Research shows that sex trade workers and homeless populations are at a high risk of severe violence and homicide. Based on a sample of 229 violent sex offenders, the first study investigates differences between sexual crimes committed against marginalized (N = 73) and non-marginalized victims (N = 156). Findings from logistic regression analyses show that offenders who target marginalized victims are more likely to degrade their victim and use a variety of torture methods. Secondly, prior literature has focused on these offenders as constituting a homogeneous group. Based on a sample of 213 sex offenders who targeted marginalized individuals, we investigate the different pathways that these offenders take both prior to and during the commission of their crimes. Results of two-step cluster analysis regarding the offender’s development, criminal history, crime context and modus operandi revealed three distinct pathways of the offending process. Implications for future research are discussed.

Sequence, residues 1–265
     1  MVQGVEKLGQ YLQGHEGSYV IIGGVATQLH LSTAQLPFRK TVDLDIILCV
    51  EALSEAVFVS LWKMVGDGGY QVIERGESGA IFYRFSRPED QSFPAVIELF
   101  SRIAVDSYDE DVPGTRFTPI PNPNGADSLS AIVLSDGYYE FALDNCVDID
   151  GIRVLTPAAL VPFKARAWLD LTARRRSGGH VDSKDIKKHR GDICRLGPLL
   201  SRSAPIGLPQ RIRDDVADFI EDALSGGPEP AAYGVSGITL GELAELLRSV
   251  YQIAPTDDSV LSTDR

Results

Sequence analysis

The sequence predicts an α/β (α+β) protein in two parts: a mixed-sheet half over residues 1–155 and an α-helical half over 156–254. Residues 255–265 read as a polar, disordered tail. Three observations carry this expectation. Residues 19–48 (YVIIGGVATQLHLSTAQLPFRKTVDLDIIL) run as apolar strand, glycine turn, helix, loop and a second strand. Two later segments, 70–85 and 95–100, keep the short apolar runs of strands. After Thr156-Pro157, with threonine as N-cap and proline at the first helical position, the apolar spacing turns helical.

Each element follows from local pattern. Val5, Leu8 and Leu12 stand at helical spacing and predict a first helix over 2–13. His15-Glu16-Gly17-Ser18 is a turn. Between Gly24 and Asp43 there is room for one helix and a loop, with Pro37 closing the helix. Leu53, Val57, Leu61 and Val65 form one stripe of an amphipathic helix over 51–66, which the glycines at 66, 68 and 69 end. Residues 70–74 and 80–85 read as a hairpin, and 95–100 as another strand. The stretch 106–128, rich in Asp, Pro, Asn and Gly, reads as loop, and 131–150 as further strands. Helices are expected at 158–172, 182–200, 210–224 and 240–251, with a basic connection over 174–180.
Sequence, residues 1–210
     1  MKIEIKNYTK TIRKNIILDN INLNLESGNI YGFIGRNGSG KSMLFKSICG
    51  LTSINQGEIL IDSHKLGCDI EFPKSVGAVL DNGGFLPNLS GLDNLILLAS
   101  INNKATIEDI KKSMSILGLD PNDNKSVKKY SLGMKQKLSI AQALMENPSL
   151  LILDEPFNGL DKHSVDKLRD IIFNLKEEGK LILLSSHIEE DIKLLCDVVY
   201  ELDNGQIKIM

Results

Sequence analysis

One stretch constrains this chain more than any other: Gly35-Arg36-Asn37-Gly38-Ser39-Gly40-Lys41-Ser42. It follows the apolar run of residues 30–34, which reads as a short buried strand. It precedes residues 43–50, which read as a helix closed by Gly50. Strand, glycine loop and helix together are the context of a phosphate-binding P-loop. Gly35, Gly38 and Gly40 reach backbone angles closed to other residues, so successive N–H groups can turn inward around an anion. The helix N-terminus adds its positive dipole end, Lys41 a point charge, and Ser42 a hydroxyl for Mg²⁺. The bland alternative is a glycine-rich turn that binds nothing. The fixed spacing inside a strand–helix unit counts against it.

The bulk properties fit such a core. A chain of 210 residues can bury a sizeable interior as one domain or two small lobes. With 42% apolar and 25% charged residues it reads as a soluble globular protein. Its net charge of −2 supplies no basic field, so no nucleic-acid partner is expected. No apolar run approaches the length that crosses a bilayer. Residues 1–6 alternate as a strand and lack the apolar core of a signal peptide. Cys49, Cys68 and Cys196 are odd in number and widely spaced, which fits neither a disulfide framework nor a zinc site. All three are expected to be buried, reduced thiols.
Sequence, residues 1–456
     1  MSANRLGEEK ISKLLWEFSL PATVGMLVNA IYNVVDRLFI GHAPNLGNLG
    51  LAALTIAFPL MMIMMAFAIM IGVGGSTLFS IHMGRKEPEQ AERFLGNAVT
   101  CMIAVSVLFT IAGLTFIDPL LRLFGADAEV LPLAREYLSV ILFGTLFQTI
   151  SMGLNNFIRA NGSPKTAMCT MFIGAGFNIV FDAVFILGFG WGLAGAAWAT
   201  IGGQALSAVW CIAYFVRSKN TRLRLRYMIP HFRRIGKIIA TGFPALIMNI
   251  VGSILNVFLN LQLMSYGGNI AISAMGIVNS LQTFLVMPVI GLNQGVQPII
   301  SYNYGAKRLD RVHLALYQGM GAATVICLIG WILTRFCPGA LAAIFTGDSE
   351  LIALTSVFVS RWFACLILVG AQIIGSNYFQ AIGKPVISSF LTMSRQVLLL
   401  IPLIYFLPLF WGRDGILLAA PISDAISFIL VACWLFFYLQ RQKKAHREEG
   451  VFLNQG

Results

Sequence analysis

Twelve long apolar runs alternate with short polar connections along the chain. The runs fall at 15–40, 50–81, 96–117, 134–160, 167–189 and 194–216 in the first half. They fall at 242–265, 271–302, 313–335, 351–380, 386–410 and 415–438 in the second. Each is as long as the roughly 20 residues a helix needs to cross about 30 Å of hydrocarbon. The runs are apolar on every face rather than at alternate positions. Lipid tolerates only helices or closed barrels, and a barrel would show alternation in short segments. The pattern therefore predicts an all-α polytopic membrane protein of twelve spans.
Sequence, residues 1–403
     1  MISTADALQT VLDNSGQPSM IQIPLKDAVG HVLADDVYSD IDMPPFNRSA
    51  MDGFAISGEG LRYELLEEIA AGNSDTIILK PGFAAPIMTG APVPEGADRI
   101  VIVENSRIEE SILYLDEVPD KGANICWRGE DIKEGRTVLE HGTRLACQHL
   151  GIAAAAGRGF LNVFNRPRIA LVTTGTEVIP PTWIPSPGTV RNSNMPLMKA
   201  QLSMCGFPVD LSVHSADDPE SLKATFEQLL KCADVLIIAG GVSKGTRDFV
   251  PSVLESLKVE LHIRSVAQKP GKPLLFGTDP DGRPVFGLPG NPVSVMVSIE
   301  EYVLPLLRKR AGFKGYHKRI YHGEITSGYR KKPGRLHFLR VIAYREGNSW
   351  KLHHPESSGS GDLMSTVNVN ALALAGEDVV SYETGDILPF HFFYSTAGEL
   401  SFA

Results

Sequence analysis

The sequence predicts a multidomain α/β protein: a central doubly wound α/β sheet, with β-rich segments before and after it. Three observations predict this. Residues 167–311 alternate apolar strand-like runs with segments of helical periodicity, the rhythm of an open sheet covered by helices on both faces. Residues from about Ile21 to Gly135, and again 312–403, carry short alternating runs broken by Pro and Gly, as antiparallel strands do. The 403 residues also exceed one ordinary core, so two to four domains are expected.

Copyright is held by the author.
This thesis may be printed or downloaded for non-commercial research and scholarly purposes.
Supervisor or Senior Supervisor
Thesis advisor: Beauregard, Eric
Member of collection